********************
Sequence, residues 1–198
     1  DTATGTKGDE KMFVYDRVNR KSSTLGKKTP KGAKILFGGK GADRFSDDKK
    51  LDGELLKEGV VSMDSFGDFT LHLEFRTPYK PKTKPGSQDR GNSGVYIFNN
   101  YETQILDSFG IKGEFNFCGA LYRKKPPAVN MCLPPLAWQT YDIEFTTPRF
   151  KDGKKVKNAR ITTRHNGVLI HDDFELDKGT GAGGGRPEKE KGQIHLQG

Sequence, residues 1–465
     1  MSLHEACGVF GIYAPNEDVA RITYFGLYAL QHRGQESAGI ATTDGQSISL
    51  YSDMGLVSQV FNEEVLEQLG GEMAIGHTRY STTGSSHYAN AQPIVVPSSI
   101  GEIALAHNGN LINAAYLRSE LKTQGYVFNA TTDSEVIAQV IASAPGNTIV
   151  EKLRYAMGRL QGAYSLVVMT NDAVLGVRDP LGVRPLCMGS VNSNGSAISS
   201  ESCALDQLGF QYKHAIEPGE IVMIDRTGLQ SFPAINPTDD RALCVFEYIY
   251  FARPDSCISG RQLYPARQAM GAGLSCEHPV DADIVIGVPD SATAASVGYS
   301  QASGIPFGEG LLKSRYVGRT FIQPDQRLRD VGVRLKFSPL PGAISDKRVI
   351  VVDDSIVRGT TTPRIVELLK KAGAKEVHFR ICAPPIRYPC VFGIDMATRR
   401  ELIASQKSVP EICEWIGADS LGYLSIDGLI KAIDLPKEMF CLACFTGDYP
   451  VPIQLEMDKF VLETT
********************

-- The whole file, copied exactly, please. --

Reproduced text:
Sequence, residues 1–198
     1  DTATGTKGDE KMFVYDRVNR KSSTLGKKTP KGAKILFGGK GADRFSDDKK
    51  LDGELLKEGV VSMDSFGDFT LHLEFRTPYK PKTKPGSQDR GNSGVYIFNN
   101  YETQILDSFG IKGEFNFCGA LYRKKPPAVN MCLPPLAWQT YDIEFTTPRF
   151  KDGKKVKNAR ITTRHNGVLI HDDFELDKGT GAGGGRPEKE KGQIHLQG

Sequence, residues 1–465
     1  MSLHEACGVF GIYAPNEDVA RITYFGLYAL QHRGQESAGI ATTDGQSISL
    51  YSDMGLVSQV FNEEVLEQLG GEMAIGHTRY STTGSSHYAN AQPIVVPSSI
   101  GEIALAHNGN LINAAYLRSE LKTQGYVFNA TTDSEVIAQV IASAPGNTIV
   151  EKLRYAMGRL QGAYSLVVMT NDAVLGVRDP LGVRPLCMGS VNSNGSAISS
   201  ESCALDQLGF QYKHAIEPGE IVMIDRTGLQ SFPAINPTDD RALCVFEYIY
   251  FARPDSCISG RQLYPARQAM GAGLSCEHPV DADIVIGVPD SATAASVGYS
   301  QASGIPFGEG LLKSRYVGRT FIQPDQRLRD VGVRLKFSPL PGAISDKRVI
   351  VVDDSIVRGT TTPRIVELLK KAGAKEVHFR ICAPPIRYPC VFGIDMATRR
   401  ELIASQKSVP EICEWIGADS LGYLSIDGLI KAIDLPKEMF CLACFTGDYP
   451  VPIQLEMDKF VLETT